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Intel Nehalem To Allow Overclocking, Some Processors Will Even Encourage It

By - Source: Tom's Hardware US | B 8 comments

 

Taipei (Taiwan) - Hot on the heels of AMD’s overclocking secret, we can reveal that Bloomfield and Lynnfield, key processors of Intel’s upcoming Nehalem family, will indeed feature overclocking capabilities for up to 16 CPU cores.

Credible information we were able to obtain from industry sources suggest that rumors about Intel preventing users from overclocking Nehalem processors are false. From what we have learned, Intel has very healthy silicon on its hands. It appears that there are some challenges related to overclocking, especially in the memory controller area. However, it is unlikely that there will be anything that prevents overclocking of the CPU cores.

Core 3, or whatever Intel decides to call the desktop Nehalem CPU, will be available as an Extreme Edition variant again, which is ready to elevate the performance bar. At the very high-end, Intel is developing the successor of its super-expensive V8 Skulltrail platform. This time around, your Windows Task Manager will see 16 cores and not just eight.

Bloomfield is Intel’s high-end part, featuring a 192-bit DDR3-1333 and DDR2-1600 memory controller. DDR3-1600 support is still unofficial at this point, since Intel is waiting for JEDEC ratification. Lynnfield is the mainstream desktop part, which will feature a more conventional 128-bit memory controller.

Time will tell what Intel’s Bloomfield overclocking potential really is. It will be interesting to see what Fugger, Coolaler, Kinc, Shamino (apologies to the ones I forgot to mention here, but we can’t keep track of all those nicks) and the rest of OC community can do when Bloomfield gets frozen to -100 degrees Celsius. We will try to find out is final silicon immune to the infamous "cold bug" or not.

When Nehalem comes to life, you can expect that our usual suspects will have overclocking motherboards ready — and Intel will have overclockable CPUs.

Discuss
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  • 0 Hide
    mr roboto , June 6, 2008 9:13 AM
    Can't wait :) 
  • 0 Hide
    Reynod , June 6, 2008 9:21 AM
    I call Bull shit Theo.

    The last Intel person told me the board is peeved so many are getting cheap silicon and cranking it up ... and it is cutting into their profits.

    They want to lock us right out.

    Hence the 1333 / 1600 FSB ... difficult to push the fsb higher.

    I bet they lock the HTT up as much as possible.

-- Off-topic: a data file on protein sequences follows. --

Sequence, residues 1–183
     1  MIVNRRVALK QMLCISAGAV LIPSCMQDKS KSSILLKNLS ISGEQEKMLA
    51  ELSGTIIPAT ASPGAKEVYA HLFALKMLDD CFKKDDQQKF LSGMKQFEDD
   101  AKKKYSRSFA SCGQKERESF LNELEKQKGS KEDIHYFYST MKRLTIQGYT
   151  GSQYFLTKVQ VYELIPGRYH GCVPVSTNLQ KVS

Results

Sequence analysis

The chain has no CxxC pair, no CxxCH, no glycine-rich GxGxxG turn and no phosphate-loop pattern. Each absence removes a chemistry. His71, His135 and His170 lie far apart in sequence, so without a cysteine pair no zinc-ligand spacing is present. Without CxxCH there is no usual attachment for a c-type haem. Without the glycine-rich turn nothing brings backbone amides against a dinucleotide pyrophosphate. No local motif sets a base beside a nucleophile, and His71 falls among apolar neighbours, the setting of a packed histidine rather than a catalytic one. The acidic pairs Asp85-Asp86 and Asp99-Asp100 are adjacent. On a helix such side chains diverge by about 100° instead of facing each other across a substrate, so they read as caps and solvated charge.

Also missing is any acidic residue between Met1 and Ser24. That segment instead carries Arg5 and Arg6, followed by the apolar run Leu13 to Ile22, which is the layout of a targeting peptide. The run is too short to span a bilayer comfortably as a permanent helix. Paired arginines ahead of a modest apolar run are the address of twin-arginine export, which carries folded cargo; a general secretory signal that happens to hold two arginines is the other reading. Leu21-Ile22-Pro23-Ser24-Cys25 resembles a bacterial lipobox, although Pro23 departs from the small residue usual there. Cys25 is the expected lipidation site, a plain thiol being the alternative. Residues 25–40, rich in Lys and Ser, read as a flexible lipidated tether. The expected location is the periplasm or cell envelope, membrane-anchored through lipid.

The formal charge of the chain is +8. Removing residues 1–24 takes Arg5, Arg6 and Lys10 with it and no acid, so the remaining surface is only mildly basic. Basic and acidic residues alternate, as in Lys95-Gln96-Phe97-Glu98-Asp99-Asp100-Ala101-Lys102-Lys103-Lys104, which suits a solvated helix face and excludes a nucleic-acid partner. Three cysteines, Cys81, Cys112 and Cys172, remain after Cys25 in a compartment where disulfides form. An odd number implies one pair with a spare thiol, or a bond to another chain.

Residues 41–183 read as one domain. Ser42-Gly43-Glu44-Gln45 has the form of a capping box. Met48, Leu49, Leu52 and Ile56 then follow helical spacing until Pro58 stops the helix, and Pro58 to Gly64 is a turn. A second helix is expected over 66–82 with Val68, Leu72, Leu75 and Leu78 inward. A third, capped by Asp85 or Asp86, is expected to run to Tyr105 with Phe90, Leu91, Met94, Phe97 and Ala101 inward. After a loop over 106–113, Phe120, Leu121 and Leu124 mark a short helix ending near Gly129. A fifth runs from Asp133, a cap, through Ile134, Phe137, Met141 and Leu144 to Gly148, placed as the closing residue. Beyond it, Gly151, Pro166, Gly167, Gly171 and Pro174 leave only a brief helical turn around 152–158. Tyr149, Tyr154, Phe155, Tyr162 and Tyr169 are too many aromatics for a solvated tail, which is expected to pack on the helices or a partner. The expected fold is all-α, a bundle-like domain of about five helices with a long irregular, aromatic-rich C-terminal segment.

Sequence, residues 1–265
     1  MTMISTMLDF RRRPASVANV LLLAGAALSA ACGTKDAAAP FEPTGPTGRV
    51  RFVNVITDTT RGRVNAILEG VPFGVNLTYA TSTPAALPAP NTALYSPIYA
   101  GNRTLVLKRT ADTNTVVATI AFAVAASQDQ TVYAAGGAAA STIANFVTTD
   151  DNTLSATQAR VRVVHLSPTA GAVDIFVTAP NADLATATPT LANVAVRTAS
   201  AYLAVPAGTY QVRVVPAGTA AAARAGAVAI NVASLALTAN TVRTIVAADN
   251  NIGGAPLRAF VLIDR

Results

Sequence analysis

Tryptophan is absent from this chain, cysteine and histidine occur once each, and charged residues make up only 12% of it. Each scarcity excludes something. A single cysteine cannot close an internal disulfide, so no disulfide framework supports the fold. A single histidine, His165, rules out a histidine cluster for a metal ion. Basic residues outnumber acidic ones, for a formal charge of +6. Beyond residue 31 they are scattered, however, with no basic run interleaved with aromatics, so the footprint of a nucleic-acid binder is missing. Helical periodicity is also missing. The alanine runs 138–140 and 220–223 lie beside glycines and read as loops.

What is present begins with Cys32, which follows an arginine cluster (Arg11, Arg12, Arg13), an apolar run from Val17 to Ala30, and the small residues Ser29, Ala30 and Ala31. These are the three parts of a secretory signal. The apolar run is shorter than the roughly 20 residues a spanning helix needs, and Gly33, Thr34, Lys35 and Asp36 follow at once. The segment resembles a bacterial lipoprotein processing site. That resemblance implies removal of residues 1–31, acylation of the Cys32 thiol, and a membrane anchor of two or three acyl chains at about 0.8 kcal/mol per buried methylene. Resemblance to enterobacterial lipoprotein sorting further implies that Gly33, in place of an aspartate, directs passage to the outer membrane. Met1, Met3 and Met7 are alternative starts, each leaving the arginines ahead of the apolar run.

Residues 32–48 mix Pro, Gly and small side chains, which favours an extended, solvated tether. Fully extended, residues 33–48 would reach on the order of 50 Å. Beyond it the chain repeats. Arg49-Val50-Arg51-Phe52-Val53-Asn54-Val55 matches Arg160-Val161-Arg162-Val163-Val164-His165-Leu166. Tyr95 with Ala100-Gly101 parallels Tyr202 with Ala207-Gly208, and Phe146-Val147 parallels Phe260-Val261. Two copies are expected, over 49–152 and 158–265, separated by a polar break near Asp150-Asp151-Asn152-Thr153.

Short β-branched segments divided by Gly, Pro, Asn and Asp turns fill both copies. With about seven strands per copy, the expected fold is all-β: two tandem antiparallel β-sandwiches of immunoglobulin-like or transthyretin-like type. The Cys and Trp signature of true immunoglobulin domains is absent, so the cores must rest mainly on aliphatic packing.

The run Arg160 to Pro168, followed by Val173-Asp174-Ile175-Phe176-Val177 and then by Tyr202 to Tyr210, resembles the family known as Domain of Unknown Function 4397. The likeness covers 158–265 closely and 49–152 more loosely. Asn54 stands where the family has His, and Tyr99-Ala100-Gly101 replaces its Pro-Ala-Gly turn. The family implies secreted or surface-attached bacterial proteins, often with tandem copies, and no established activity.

This forces people to pay for the better cpu ... not dial it up for free.

    Your source is a shill.
  • -1 Hide
    Reynod , June 6, 2008 9:25 AM
    I call Bull shit Theo.

    The last Intel person told me the board is peeved so many are getting cheap silicon and cranking it up ... and it is cutting into their profits.

    They want to lock us right out.

    Hence the 1333 / 1600 FSB ... difficult to push the fsb higher.

    I bet they lock the HTT up as much as possible.

    This forces people to pay for the better cpu ... not dial it up for free.

    Your source is a shill.
  • -3 Hide
    Crazy-PC , June 6, 2008 9:58 AM
    I hope this news is true coz I think the quad core CPU from Intel that overclocked to 3.6GHZ or 3.2GHZ is still slow; the time Intel develop from extreme slow CPU (386) to Slow CPU (Core 2 Quad overclocked) is more than 20 years and it is terrible. I won't upgrade to it if they lock the overclocking capability on Nehalem, I would prefer to enhance my system with General Computing by GPU with 2 to 4 GPUs; it would be time consuming to modify the software system but it is the way out for stopping slow computer.
  • 1 Hide
    apaige , June 6, 2008 1:48 PM
    "Bloomfield and Lynnfield […] will indeed feature overclocking capabilities for up to 16 CPU cores"
    Since when does the number of CPU cores have anything to do with overclocking?

    "your Windows Task Manager will see 16 cores and not just eight"
    Except those aren't 16 *cores*…
  • 0 Hide
    JAYDEEJOHN , June 6, 2008 2:41 PM
    Ive been told that the lower pin count Nehalems WONT be able to be Over clocked, by an engineer who works/worked on them. Guess he didnt know what he was doing, which is either really bad for Intel, or this story is wrong
  • 0 Hide
    shadowthor , June 6, 2008 3:09 PM
    hopefully it will allow overclocking, just might be a bit more difficult.
  • 0 Hide
    lopopo , June 6, 2008 5:08 PM
    I agree with reynod, about Intel forcing users to pay. The fact is that right now and probably well after Nehalem launches Intel holds all the cards. Subsequently they are in a good position to make money.. and like any other company they will press the advantage.
    We as consumers must realize that it's competition that make today ridiculously overclockable cpu's possible at low price points. So root for AMD while rooting for Intel because a 700$+ Nehalem is sweet but a 250$ Nehalem is sweeter.